Researchers in Europe are working on a 3 million euro ($3.36 million) project to develop robots that can detect damage and then "heal," or repair, themselves in order to continue with tasks.
The self-healing soft robot (SHERO) project, which is funded by the EU, is led by a team at the Vrije University in Brussels (VUB), Belgium. The University of Cambridge, the ESPCI school in Paris, the Swiss Federal Laboratories for Materials Science and Technology and the Dutch firm SupraPolix are also involved.
Today, robots are being used to carry out dexterous tasks, such as picking strawberries or apples, which are usually the preserve of humans.
According to VUB, "many" next generation robots are being built from materials that are soft and flexible, which makes them vulnerable to damage from sharp objects.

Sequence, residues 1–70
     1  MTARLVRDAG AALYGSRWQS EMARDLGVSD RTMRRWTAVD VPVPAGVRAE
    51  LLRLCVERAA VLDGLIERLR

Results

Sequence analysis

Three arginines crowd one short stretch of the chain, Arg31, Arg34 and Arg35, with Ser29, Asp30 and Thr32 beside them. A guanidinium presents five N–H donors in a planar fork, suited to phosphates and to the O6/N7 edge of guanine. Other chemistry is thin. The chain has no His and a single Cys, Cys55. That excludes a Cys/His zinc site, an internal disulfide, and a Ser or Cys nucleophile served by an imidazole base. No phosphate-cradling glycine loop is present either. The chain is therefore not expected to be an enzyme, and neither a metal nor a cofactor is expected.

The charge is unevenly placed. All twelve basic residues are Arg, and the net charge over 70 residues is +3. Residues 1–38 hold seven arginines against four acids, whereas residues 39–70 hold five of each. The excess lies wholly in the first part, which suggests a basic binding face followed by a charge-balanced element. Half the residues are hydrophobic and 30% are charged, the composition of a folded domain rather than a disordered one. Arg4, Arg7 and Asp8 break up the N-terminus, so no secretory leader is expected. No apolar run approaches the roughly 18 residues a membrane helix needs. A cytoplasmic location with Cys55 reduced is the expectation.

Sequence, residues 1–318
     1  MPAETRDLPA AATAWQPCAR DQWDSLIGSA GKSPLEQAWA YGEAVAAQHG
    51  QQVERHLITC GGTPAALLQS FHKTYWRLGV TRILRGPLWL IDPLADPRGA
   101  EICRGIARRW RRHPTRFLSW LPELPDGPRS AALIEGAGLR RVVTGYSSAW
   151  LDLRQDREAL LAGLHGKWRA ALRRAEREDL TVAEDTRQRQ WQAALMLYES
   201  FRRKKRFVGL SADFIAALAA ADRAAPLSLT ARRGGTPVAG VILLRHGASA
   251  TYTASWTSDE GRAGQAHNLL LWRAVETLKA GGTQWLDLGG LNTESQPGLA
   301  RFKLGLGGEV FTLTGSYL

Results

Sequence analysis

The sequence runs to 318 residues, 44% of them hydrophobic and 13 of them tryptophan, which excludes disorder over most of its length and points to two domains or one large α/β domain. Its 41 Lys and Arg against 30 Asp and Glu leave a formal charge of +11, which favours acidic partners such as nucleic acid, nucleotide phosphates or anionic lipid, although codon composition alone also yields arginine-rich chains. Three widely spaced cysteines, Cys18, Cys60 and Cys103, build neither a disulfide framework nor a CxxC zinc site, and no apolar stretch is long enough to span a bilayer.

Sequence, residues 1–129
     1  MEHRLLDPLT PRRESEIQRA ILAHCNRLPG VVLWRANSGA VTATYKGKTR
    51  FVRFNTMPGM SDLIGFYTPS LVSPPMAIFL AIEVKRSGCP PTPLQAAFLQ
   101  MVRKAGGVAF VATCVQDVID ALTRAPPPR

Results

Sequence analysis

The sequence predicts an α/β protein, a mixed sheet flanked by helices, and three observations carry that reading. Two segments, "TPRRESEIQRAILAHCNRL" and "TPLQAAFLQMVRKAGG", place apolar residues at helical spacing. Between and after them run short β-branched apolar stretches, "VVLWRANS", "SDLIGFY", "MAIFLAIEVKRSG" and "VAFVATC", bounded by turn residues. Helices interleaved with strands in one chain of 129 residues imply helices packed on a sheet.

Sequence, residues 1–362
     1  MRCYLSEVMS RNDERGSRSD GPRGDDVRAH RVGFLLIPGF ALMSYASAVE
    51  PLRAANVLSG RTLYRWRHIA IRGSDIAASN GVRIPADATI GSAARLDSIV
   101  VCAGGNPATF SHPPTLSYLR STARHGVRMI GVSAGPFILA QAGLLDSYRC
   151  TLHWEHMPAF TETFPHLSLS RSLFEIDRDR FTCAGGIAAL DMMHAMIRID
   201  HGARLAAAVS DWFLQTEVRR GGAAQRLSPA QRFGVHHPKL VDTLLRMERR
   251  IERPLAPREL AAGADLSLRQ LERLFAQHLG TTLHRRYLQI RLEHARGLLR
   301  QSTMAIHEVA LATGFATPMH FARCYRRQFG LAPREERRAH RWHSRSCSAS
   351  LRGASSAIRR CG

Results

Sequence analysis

Researchers at VUB have been working on this problem for several years now. In August 2017, they announced that they had built soft robots from "rubbery polymers" that, when damaged, were able to recover their shape and heal if exposed to heat.
The SHERO project will look to develop robots made from flexible plastics that can repair themselves without needing help from humans. It's envisaged that materials which can help with sensing and then triggering the healing process will be embedded into the robots.
Thomas George Thuruthel, from the University of Cambridge's Department of Engineering, said machine learning would be used "to work on the modeling and integration of these self-healing materials, to include self-healing actuators and sensors, damage detection, localization and controlled healing."
The VUB's Bram Vanderborght is managing the SHERO project. "Over the past few years, we have already taken the first steps in creating self-healing materials for robots," he said in a statement Wednesday.
"With this research we want to continue and, above all, ensure that robots that are used in our working environment are safer, but also more sustainable," he added. "Due to the self-repair mechanism of this new kind of robots, complex, costly repairs may be a thing of the past."